Amerikatsi (2023) Armenia’s First to Make the Shortlist B-

“Amerikatsi,” Armenia’s first showing in the Best International Film Shortlist, is the work of Armenian-American renaissance man Michael Goorjian, who not only wrote, directed, and edited the film but, in a burst of “Citizen Kane”- like exuberance, plays the leading role as well. In an obvious hommage to Chaplin – the bulk of the movie is silent – Goorjian plays Charlie Bakhchinyan, a bumbling Armenian-American, who, having survived the Armenian Genocide in 1915 (there are two flashbacks to Charlie as a toddler), ends up in New York. Thirty-three years later, he answers Stalin’s post-World War 2 invitation to the Armenian diaspora to return to the land of their birth. Unfortunately, the Soviet apparatchiks who are running the country don’t see things that way, and within twenty-four hours of his entering the USSR, Charlie is behind bars. However, in solitude, he discovers he can view a neighboring apartment from his cell window. As he observes the ongoing life of another Armenian and his family, he comes to reaffirm his devotion and love for his native country.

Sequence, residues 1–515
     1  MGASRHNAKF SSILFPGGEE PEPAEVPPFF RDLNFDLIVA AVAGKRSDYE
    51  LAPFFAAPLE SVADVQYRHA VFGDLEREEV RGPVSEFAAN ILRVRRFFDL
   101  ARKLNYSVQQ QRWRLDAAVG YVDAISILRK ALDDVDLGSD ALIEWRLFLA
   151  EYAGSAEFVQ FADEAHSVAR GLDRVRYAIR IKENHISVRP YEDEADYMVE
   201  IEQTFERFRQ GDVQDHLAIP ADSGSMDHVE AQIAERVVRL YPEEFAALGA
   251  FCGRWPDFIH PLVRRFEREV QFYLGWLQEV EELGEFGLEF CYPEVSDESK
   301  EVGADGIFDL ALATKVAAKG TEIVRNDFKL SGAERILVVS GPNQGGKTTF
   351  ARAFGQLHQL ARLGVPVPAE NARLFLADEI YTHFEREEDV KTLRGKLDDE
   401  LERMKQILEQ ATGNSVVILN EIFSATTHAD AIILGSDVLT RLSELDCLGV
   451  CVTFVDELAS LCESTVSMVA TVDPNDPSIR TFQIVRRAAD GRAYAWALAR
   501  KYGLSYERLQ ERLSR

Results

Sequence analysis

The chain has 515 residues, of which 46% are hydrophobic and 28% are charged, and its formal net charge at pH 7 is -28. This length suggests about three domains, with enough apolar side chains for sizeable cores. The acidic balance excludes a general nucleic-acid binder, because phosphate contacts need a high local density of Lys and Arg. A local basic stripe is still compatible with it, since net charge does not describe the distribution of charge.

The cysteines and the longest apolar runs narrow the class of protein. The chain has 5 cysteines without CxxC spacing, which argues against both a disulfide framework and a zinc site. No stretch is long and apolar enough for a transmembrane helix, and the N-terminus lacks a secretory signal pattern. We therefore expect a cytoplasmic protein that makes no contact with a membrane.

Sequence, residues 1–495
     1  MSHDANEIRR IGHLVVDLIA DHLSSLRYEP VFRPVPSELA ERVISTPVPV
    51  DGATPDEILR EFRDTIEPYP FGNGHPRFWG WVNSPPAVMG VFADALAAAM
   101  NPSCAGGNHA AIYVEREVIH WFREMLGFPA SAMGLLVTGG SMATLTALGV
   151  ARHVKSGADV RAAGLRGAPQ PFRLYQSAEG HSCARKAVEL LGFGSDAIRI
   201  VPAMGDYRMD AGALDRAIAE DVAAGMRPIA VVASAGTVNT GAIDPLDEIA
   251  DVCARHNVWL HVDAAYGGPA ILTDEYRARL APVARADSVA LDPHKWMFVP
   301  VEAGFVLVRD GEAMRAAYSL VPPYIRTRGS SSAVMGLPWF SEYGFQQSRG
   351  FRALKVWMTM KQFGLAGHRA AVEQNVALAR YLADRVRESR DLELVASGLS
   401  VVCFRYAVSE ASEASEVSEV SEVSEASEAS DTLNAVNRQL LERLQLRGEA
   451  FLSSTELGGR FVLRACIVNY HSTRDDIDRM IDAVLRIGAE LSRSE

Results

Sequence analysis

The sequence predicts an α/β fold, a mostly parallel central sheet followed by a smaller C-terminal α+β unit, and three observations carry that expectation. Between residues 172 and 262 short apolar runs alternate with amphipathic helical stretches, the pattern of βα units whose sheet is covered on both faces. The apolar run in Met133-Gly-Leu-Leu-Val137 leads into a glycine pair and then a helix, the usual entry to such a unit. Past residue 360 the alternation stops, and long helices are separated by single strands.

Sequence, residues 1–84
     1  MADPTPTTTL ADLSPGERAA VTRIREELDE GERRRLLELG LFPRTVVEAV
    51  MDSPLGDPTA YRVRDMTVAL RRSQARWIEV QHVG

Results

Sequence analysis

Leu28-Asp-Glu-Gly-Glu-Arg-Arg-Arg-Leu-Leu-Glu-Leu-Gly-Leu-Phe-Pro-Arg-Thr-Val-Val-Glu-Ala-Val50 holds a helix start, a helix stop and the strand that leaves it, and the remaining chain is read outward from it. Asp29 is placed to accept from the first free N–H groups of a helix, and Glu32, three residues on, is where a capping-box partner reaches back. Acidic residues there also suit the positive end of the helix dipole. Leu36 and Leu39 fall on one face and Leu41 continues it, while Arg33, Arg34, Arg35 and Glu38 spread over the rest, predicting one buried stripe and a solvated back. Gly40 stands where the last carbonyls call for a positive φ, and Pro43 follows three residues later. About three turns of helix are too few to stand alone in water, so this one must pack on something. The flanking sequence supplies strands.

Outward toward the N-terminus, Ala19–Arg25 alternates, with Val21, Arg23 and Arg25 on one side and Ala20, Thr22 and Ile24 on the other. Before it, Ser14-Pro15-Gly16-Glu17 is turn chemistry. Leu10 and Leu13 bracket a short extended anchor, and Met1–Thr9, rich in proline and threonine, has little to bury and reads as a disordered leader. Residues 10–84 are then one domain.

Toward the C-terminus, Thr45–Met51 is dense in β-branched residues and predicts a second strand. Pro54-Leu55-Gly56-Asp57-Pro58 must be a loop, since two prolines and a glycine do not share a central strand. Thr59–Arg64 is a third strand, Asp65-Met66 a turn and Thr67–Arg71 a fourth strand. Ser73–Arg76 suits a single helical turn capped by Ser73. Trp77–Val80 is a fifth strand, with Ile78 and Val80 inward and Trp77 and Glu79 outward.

Despite the beatings and the solitary confinement, Goorjian keeps things on the lighter side with Charlie Chaplin’s three masterpieces “The Gold Rush,” “City Lights,” and “Modern Times,” and Roberto Benigni’s “Life is Beautiful” being hugely influential. The result is a film that walks a tightrope but contains some beautiful moments, even if, at times, it threatens to topple over.


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